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Old 24th November 2005, 06:34 PM   #1
namcir is offline namcir  Philippines
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Default help blown yamaha amp

hi to all
i have been around a lot but this is my first post.
i just blown my yamaha amp buy adjusting its bias almost to the max. fortunately nothing in the output devices failed ( i think so) but the power supply devices blew up (swithch mode) leaving black smoke on its surroundings. do anybody have the same expereince? what did i do wrong? help
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Old 24th November 2005, 06:42 PM   #2
MikeB is offline MikeB  Germany
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Possibly you overheated your outputdevices, bias to max might have been several amperes. Solder out one of the outputdevices and measure it. They are very likely to be shorted. In this case i would consider this amp a complete loss...

sorry,
Mike
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Old 25th November 2005, 07:43 PM   #3
namcir is offline namcir  Philippines
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thanks Mikeb for your reply:
yes it is a big loss for me maybe i would be careful next time i tinker to my equipment. now i need a service manual to be able to service it properly could anybody help me acquire one? the model is yamaha pro-audio P7000s. please help
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Old 25th November 2005, 08:38 PM   #4
nikwal is offline nikwal  Sweden
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My experiences with switch mode psu's says that if one component there fails MANY others probably will..
I've looked at a couple of yamaha schematics on pdf and they are'nt too complicated in the power amp , You could at least try to measure the transistors with mutimeter diode function, dont rely on it though! transistors may be "half" broken..
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Old 25th November 2005, 09:05 PM   #5
anatech is offline anatech  Canada
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Hi RICMAN,
Yamaha normally has good protection networks and may be in shutdown mode. With any luck, you just killed the outputs, maybe drivers and more.

In general, leave bias settings at factory default. This is more true with pro amps that have to be reliable.

-Chris
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Old 25th November 2005, 09:08 PM   #6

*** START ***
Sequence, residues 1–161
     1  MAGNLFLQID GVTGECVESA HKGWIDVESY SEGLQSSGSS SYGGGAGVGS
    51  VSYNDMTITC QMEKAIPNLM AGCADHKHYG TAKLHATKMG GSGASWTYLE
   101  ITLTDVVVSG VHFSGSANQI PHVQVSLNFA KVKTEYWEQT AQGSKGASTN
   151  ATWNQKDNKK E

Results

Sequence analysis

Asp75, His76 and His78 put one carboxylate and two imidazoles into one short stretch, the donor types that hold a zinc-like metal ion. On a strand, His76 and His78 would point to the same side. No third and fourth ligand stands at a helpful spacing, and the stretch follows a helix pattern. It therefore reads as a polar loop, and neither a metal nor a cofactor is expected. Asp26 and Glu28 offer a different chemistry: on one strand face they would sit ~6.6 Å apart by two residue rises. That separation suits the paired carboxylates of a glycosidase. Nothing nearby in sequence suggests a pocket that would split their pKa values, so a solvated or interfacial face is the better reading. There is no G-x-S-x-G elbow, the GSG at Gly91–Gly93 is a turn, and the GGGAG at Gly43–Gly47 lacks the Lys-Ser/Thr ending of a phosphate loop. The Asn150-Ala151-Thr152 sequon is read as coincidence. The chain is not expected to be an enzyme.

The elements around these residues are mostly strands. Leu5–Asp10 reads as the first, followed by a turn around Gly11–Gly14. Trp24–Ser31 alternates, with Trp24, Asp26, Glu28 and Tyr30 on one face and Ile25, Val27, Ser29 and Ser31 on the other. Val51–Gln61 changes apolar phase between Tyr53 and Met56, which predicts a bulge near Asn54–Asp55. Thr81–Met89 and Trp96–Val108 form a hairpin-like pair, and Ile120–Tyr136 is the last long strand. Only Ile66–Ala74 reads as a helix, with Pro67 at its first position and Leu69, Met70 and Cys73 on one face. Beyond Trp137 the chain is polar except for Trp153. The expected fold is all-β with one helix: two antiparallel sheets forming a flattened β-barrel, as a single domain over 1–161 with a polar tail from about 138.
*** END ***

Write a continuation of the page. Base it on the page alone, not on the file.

anatech is offline anatech  Canada
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Hi RICMAN,
Rereading, I see you have let the really expensive smoke out of the box. Could be fun, but not impossible to fix.

To repair switching supplies, you need a way to vari the power so it doesn't just go bang if there is another fault. Another bipolar variable power supply may allow you to troubleshoot and fix the output stage.

Wishing you luck with this.

-Chris
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Old 26th November 2005, 02:11 PM   #7
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Default The work to do, i am afraid, is more ressurection than repair

Because of switching power supply and over bias....extremelly overbiased...will be lucky to find fusistors burned.

I think this amplifier soul is already in the skies.

Sorry....bad luck for you....a hard to work to fix...and no guaranteed that the cost of parts are adequated to the equipment used market value....maybe parts turn expensive to put it in order again....those output transistors are highly selected...they are very well matched...hard to find matched units to substitute them....factory use to order sequence of transistors from the same silicon wafle...almost identical units.

regards,

Carlos
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Old 26th November 2005, 02:21 PM   #8
adason is offline adason  United States
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hi ricman

i once had similar problem with an old akai power amp
it had switching supply to make it light and sleak, which died after a while
i replaced it with outside trafo/rectifiers and caps
sounds great till now

i would not waste time with switching power supply
get the external and start replacing blown parts in the amp
don't give up

good luck
e
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Old 26th November 2005, 05:25 PM   #9
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Default Good idea...removing switching supply and installing a standard supply

Will be more easy to fix...as two problems at same time is complicated...to fix the amplifier you need to trust in your supply.

That's a very good idea.....remove supply, substitute by another you prepare, needing more voltages will be easy to prepare with zener and transistors...just tell me the voltage you have and the voltages you need and i can do it for you...and them go to fix the amplifier.

Have some schematic?.....without it may be more difficult...but not impossible.... remove transistors, one by one, in the power unit, and check them...in advance...disconnect all supply wiring...cut keeping color code into the amplifier board...and measure from plus to ground and from negative to ground searching for short circuits....but remove supply.... as the short can be produce be the supply....well...working hard...you may ressurect it.

regards,

Carlos
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Old 26th November 2005, 08:38 PM   #10
adason is offline adason  United States
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here is the pic of that akai amp
it was part of very fancy mini hifi
amp was the best part of it
preamp sucked, tuner and deck was quite good

it has two huge hybrid power packs inside and with new power supply outside (capacitors are inside the amp) can deliver clean 75 watts
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